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Environmental fate & pathways

Additional information on environmental fate and behaviour

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additional information on environmental fate and behaviour
Type of information:
experimental study
Adequacy of study:
supporting study
Study period:
not reported.
2 (reliable with restrictions)
Rationale for reliability incl. deficiencies:
other: Experimental study that is well documented, and peer-reviewed but does not specify guidelines.

Data source

Reference Type:
Rate constants for the reactions of OH with ethane and some halogen substituted ethanes at 296 K.
Howard, C.J. & Evenson, K.M.
Bibliographic source:
The Journal of Chemical Physics. 64(11):4303-4306.

Materials and methods

Test guideline
no guideline required
Principles of method if other than guideline:
A conventional discharge-flow system was used to generate OH radicals in helium carrier gas by reaction of H and NO2. Hydroxyl radicals are detected with a laser magnetic resonace spectrometer.
GLP compliance:
not specified
not specified
Type of study / information:
Atmospheric fate of volatised substance.

Test material

Constituent 1
Chemical structure
Reference substance name:
EC Number:
EC Name:
Cas Number:
Molecular formula:
Details on test material:
-Purity: >99% (analysed)

Results and discussion

Any other information on results incl. tables

Figure 1 shows a series of typical OH decay plots obtained for the OH reaction with CH2BrCH2Br. The concentration of the reactant gas, [CH2BRCH2BR], is shown on the right side of the figure for each set of points and has been varied over a range of about a factor of 5 in this series of experiments. The effective bimolecular rate coefficient for each line can be obtained by dividing the first-order rate constant from the slop of the line by the average linear flow velocity v and the reactant gas concentration. An alternative way to treat the data is shown in Fig. 2, where the first-order rate constants from Fig. 1 (in s-1) are plotted as a function of the reactant concentration. An average bimolecular rate coefficient for the whole set is given by the slope of the line through the data. Since the line very nearly goes through the origin, it is clear that the same result is obtained either averaging the individual bimolecular rate coefficients or using the set of first-order costants and concentrations as in Fig. 2. This is true of nearly all of the reactions reported here.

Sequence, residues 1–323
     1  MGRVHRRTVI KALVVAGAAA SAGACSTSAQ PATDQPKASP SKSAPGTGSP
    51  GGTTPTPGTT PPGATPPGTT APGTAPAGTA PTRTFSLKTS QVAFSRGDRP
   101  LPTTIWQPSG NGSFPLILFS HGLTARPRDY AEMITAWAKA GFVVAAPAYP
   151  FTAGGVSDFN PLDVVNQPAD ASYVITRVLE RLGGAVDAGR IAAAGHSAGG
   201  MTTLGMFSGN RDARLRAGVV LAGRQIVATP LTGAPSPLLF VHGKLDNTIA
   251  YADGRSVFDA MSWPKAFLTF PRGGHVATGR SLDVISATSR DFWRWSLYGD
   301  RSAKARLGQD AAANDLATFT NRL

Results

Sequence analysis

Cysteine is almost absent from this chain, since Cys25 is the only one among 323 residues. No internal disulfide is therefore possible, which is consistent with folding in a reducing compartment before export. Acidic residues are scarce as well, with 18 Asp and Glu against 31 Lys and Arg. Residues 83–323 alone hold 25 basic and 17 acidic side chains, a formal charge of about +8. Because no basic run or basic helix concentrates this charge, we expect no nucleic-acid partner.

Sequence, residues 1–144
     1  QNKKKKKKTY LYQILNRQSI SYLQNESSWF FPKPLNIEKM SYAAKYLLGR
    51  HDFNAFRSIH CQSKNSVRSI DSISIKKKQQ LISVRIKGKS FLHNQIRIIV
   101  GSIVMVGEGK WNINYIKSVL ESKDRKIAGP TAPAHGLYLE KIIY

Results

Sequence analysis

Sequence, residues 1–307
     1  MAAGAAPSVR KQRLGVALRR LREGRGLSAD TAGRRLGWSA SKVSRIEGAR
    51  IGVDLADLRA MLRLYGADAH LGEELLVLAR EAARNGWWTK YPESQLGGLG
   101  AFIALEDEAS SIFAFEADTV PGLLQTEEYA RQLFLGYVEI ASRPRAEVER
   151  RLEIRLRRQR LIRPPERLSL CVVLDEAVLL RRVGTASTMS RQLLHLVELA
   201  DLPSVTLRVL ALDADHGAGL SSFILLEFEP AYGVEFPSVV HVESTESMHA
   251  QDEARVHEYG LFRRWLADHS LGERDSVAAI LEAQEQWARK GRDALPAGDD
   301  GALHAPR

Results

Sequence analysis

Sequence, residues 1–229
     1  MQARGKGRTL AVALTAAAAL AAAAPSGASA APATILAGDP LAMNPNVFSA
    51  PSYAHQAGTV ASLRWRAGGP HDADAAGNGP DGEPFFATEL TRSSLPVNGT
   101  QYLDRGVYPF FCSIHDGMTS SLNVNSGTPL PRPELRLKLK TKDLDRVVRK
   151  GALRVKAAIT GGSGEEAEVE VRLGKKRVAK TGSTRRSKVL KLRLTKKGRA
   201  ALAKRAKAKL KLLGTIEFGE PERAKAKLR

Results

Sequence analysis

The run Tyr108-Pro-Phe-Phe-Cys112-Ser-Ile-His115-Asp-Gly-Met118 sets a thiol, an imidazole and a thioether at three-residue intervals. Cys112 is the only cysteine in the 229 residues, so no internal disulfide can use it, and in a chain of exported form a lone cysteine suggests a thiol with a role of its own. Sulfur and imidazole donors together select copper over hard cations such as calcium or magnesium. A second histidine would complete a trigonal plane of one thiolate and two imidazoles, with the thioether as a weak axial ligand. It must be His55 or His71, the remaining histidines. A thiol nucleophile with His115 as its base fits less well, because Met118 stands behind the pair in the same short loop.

Bromine and chlorine substitution are roughly equivalent and both tend to weaken the remaining (C-H) bonds and increase the OH reactivity.

Table 1. Rate constant summary for this work and other measurements near 296 K.


Number of measurements Average (s.d.) ± error (10-15cm3/molecule(s))
CH2BrCH2BR 19 250(18) ± 55

Applicant's summary and conclusion

The rate constant for ethylene dibromide is 250 ± 55 x 10^-15cm^3/molecule·s.

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